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UK's First ‘Minister for Loneliness’ Appointed to Carry on Jo Cox's Work

Loneliness is front page news — and, honestly, that’s a brilliant thing.

The government has announced that Tracey Crouch MP, minister for sport and civil society, will be Britain’s first ever minister for loneliness, a new position created to lead a government-wide group that aims to tackle the challenge.

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In the UK there are 9 million adults who feel lonely, according to a 2017 cross-party report.

The report — from a commision set up by the late MP Jo Cox, a champion of tackling the issue of loneliness — described it as a “generational challenge”, and worked with 13 charities to publish recommendations including the ministerial position and a UK-wide strategy.

It said that loneliness was as bad for your health as smoking 15 cigarettes a day.

Following the recommendations of the Jo Cox Commission, the government will also establish a wider strategy, including gathering data and providing funding for community activity, according to the Guardian. New initiatives will be announced next year.

All over the country there are people who glance at the rest of the world, and feel disconnected. While it’s still early in the process of combatting that, it’s very much a positive step.

“For far too many people, loneliness is the sad reality of modern life,” said UK Prime Minister Theresa May. “I want to confront this challenge for our society and for all of us to take action to address the loneliness endured by the elderly, by carers, by those who have lost loved ones – people who have no one to talk to or share their thoughts and experiences with.”

The prime minister also paid tribute to activist, humanitarian, and politician Jo Cox, who was killed by a far-right terrorist on June 16 2016 — just before the Brexit referendum on departing the European Union — outside her constituency office in Batley and Spen, Yorkshire. The Jo Cox Commission is chaired by Conservative MP Seema Kennedy and Labour’s Rachel Reeves — and they made a joint statement welcoming the new ministerial position.

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“Jo Cox said that young or old, loneliness doesn’t discriminate,” they said in a joint statement. “Throughout 2017 we have heard from new parents, children, disabled people, carers, refugees, and older people about their experience of loneliness.”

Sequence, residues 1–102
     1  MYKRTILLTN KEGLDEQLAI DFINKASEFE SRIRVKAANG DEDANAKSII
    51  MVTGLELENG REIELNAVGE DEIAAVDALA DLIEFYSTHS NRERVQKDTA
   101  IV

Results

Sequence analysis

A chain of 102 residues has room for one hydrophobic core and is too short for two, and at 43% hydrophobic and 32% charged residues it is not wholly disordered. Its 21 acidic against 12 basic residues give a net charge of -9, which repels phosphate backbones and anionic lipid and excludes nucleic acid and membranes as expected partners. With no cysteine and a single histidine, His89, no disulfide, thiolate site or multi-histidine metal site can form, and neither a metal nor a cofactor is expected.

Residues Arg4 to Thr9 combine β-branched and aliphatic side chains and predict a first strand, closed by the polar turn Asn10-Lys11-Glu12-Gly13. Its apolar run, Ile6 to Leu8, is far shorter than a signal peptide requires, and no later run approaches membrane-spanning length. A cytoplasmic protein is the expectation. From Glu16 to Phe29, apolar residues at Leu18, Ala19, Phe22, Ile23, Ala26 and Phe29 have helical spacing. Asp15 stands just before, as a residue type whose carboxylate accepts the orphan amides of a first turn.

Cox made an important step in raising the issue of loneliness, and the data presented by her commission supports it.

Loneliness in numbers

  • 80% of carers have felt lonely looking after a loved one (Carers UK).
  • 58% of migrants and refugees in London described it as their “biggest challenge” (The Forum).
  • 50% of disabled people feel lonely on any given day (Age UK).
  • 52% of parents have had a problem with loneliness (Action for Children).
  • 38% of people with dementia said they’d lost friends after their diagnosis (Alzheimer’s Society).

For the most part, the announcement was widely supported — though commentators were quick to point out that despite the positive step, it’s vital to consider a wider social context. Bestselling author Matt Haig, a vocal advocate for mental health issues, and award-winning chef and writer Jack Monroe, who is often outspoken online about the connections between poverty and depression, both responded to the announcement on Twitter.

Loneliness and mental health issues affects us all. Jo Cox understood this, and fought for justice all her life — and this fresh ministerial position is evidence of the positive influence she is still having.

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